This week in Security Levity, I want to talk about domain registration fraud. We're seeing various patterns of come-on for this type of fraud. I'm going to describe two such spam samples today.
As the name suggests, domain registration fraud is a catch-all term to describe types of fraud connected with the registration of Internet domain names. It often involves shady registrars, whose aim is to part you from your money in some deceptive way. (A registrar is a company authorized to sell domains by ICANN, or by a country's Internet domain authority.)
Spam is a useful medium for domain registration fraudsters, because every domain should publish an e-mail address for a billing contact. Despite technical efforts to prevent it, it's possible for fraudsters to automate the process and send such spam in some volume.
(See also "The Internet's 100 Oldest Dot-com Domains")
Here are just two ways that fraudsters abuse the system:
1. The bogus renewal
Fraudsters data-mine whois databases to find domains that will soon be up for renewal. They then send an official-looking invoice to the domain's billing contact. The hope is that the recipient won't notice that the invoice isn't from their actual domain registrar and will blindly pay it.
The fine print often notes that, by paying the invoice, you're agreeing to transfer the domain from your legitimate registrar to the fraudster. So not only are you out of pocket, but you may have also contractually locked yourself into paying that registrar for future renewals.
This fraud works best when targeted at large or badly-run organizations, where the individuals are too often busy to check the details of every invoice that passes their desk.
2. The fake trademark protection offer
Trademark protection is usually important to companies. The law in many countries basically says that a brand owner needs to be seen to protect its brand, or it may lose the right to protect it in the future.
Fraudsters play on this, by suggesting that, in their country, there's a organization which is trying to register a domain with your brand in that country. They play on your unfamiliarity with that country's laws and aim to get you to register the name via their registrar. They make it seem like they're doing you a favor. We frequently see this in China, for example.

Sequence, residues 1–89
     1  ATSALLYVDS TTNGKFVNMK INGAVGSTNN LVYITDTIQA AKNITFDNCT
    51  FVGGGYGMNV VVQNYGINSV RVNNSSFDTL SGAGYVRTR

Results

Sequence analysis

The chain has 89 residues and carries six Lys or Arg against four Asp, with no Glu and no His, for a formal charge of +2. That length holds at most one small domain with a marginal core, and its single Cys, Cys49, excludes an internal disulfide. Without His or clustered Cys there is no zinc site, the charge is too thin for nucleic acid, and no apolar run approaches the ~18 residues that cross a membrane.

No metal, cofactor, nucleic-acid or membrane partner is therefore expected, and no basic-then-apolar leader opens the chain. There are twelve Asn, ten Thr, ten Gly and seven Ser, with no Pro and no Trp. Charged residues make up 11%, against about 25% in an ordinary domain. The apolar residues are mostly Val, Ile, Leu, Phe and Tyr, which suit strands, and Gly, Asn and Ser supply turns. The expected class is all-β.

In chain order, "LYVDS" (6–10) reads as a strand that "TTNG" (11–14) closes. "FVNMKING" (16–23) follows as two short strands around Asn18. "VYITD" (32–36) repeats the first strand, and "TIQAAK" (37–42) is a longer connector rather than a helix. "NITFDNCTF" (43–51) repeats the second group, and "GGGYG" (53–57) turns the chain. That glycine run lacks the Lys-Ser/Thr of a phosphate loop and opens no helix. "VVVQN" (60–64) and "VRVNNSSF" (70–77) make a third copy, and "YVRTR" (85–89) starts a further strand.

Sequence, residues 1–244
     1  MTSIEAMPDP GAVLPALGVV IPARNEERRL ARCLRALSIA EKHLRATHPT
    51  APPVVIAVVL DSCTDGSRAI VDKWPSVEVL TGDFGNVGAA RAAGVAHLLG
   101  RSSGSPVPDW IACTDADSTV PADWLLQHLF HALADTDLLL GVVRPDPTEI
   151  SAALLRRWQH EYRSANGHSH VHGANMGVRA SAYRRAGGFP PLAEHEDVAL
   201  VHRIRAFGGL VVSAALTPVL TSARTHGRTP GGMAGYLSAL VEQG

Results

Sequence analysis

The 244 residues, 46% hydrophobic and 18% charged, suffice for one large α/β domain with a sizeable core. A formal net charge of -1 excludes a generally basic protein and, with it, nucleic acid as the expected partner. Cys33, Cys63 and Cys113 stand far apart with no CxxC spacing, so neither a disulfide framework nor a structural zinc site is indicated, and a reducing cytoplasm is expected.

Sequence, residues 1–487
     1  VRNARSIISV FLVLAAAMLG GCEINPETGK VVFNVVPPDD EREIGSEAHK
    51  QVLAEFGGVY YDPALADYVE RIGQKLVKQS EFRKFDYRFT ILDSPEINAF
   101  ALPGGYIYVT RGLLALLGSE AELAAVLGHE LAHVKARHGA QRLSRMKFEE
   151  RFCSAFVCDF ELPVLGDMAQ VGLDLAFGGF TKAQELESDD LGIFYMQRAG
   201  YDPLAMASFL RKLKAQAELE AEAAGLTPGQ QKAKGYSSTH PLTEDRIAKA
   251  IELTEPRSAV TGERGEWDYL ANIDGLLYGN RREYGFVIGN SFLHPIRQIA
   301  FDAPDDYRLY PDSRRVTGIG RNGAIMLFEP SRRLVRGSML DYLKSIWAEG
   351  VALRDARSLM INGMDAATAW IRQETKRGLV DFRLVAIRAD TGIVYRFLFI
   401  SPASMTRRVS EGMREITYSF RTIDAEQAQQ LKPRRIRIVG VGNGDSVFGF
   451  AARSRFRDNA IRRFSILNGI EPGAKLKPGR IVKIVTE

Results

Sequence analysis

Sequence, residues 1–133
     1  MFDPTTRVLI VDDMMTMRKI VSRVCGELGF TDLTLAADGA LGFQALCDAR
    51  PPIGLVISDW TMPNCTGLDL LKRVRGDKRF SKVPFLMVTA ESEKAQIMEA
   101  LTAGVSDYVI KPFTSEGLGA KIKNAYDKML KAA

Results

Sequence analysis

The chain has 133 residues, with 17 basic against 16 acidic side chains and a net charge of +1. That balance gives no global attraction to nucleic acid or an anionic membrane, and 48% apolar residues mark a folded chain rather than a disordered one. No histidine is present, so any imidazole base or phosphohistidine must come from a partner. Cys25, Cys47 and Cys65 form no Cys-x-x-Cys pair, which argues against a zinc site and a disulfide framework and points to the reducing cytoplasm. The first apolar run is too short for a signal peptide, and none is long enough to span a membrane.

Let's say you own the U.S. company, Example Inc. Your main domain is example.com and you've pre-emptively registered example.net, example.org, and example.us. You do business in some other countries, so you've registered example.ca and example.co.uk.
Then, you receive this unsolicited email message from China:
We are a professional internet consultant organization in Asia, which mainly deal with the global companies' domain name registration and internet intellectual property right protection. Currently, we have a pretty important issue needing to confirm with your company.
On the Jul.24th, 2009,we received an application formally.One company named "Tymah Holdings Ltd"who applied for the Internet Trademark: " example" and some domain names relevant to this trademark from our organization.
After our initial examination, we found that the keywords and domain names applied for registration are as same as your company's name and trademark. We don't know whether you have any relation with them. Now we have not finished the registration of Tymah Holdings Ltd yet,If you considered these domain names and Internet Trademark are important to your company,in order to deal with this issue better,Please contact us by telephone or email as soon as possible.
What would you do? On the one hand, you might wish to pay this spammer to pre-emptively register your brand as a Chinese domain: example.cn. On the other hand, you suspect that Tymah Holdings Ltd doesn't, in fact, exist!
If you reply asking the registrar to not give away those domain names you'll be asked to buy them yourself for several years up-front.
(As an aside, this type of scam might get more prevalent if ICANN implements its proposed scheme for adding many more top-level domains.)
That's the two examples I wanted to discuss today. Perhaps you've received something similar?
I want to make this an interactive place: where I can answer questions and cover topics that you suggest. Feel free to add comments and ask Amir!
This story, "Beware Domain Registration Scams" was originally published by Computerworld.